Chalets and condos with levels of service akin to the finest luxury ski accommodation in Europe and North America have also arrived. One such private chalet, Hakuch?zan, comes with a team of six staff onsite including a chalet manager, chef, butler and chauffeur and rents for US $14,500 per night. For those without that sort of budget there are also plenty of older lodges and budget accommodation to choose from, starting at about $50 a night.
Like the accommodation, the dining scene in Niseko is second to none of any Japanese ski resort, and in itself is becoming one of the country’s culinary hotspots. It helps that Hokkaido is known as the “food bowl of Japan” for its vast agricultural industry and ready access to seafood from two adjacent oceans. The produce grown out of the fertile volcanic soil tastes as fresh as the water that flows from snow-fed springs all across the country side.
Many of the original old chefs who moved here as young men and women are now looking to hand over to aspiring protégés. Niseko is now frequented by Michelin Guide inspectors looking for the next hit, and in turn more and more Michelin-recognised chefs are being drawn to Niseko to open new restaurants. There are now 15 restaurants in the area that have had stars or recommendations bestowed on them, or are headed by chefs who have Michelin-starred restaurants elsewhere.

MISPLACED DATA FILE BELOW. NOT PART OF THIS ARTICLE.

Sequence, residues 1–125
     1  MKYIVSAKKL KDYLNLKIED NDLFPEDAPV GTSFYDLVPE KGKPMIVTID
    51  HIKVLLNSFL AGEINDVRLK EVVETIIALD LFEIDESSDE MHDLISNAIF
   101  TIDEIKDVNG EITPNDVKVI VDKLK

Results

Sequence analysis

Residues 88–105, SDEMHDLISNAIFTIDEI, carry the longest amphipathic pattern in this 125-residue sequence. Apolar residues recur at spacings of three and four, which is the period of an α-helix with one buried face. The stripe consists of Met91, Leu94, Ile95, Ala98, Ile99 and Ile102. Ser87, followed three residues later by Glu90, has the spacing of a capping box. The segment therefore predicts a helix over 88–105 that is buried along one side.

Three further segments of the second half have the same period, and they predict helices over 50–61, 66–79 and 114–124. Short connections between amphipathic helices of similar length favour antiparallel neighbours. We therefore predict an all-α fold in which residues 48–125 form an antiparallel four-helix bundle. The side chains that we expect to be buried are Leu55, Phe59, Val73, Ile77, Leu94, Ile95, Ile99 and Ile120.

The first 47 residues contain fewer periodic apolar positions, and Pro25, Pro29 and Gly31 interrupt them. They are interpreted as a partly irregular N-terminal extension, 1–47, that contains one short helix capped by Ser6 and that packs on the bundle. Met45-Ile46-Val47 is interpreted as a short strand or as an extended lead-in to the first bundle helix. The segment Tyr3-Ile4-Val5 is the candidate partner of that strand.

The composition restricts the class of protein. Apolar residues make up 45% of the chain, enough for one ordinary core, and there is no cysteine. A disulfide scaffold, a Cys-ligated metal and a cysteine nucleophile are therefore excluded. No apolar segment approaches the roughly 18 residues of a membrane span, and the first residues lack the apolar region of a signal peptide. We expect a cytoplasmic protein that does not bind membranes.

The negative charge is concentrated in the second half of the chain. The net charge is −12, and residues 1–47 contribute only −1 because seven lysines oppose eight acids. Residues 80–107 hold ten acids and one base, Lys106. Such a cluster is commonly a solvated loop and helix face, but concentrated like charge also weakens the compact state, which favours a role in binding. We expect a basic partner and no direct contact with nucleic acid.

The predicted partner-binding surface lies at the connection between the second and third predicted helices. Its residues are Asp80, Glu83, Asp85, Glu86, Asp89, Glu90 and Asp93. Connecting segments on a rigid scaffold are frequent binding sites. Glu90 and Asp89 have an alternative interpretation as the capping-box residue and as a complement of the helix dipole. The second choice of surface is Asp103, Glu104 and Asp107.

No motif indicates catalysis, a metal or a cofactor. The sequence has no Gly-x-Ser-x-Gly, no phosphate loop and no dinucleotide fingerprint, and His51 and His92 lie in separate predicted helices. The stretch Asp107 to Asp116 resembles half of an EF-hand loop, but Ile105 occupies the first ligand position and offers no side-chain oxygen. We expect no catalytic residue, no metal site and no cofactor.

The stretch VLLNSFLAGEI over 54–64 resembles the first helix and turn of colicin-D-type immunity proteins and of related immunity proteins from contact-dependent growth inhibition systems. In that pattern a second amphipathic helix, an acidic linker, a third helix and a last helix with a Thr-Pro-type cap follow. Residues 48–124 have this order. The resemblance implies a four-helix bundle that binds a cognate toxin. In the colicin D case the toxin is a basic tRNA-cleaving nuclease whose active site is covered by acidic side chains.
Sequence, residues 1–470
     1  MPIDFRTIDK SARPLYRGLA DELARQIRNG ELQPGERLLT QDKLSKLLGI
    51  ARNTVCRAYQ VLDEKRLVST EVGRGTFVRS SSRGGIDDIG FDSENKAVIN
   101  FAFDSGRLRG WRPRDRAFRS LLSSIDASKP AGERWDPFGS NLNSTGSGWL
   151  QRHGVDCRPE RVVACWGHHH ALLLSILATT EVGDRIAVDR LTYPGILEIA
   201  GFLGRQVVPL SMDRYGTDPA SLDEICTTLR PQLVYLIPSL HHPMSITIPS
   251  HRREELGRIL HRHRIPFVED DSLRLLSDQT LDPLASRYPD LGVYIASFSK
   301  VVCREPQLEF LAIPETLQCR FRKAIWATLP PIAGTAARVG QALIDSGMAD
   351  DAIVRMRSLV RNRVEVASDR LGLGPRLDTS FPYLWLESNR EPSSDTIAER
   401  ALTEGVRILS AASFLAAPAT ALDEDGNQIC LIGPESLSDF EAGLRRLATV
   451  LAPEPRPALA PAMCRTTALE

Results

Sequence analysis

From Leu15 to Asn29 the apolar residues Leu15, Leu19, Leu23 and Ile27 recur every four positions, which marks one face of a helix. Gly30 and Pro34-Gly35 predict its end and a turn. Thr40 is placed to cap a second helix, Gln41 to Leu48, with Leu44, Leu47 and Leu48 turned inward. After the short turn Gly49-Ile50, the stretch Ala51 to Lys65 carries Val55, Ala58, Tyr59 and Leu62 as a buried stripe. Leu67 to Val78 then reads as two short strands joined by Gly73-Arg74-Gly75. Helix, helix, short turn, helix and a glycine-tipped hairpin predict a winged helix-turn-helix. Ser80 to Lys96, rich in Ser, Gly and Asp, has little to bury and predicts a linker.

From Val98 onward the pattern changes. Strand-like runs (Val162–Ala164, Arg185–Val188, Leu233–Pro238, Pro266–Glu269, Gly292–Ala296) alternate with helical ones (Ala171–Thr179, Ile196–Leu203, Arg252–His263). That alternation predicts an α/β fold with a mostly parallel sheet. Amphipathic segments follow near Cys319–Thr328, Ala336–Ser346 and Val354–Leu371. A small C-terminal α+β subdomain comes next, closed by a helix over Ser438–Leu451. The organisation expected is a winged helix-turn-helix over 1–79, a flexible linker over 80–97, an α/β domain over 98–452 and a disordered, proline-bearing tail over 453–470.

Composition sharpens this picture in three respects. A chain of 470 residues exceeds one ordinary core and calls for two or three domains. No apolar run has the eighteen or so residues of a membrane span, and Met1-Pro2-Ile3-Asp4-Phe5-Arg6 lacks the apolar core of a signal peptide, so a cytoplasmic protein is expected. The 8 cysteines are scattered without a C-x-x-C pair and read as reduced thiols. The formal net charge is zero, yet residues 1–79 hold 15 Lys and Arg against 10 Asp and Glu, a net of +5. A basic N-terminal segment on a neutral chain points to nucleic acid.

Niseko is also home to 25 onsen baths and you will be within walking distance from one or more anywhere you stay in the resort areas. Coming from deep underground, onsen water contains various minerals that are said to have therapeutic benefits. There’s no better way to cap off a day in the powder than thawing out and soothing your tired muscles in a steaming outdoor onsen with snow falling silently all around.
While Hirafu is the buzzing heart of Niseko and home to the widest variety of restaurants and nightlife, there are actually four resorts on the one mountain, each with its own village at the base. All offer their own unique ski holiday experience, allowing visitors to choose the resort that suits their purposes – be that an action-packed week of skiing and sake, or a peaceful retreat in a snowbound forest for the ultimate #japow ski holiday experience.
If Niseko sounds like the type of place you’d like to escape to this wet season, you can find out all this and more at Powderlife.com – Niseko’s premier news, information and accommodation booking portal. Our resort specialists can recommend the right resort for your travel party and the ideal chalet or apartment to make best use of your budget.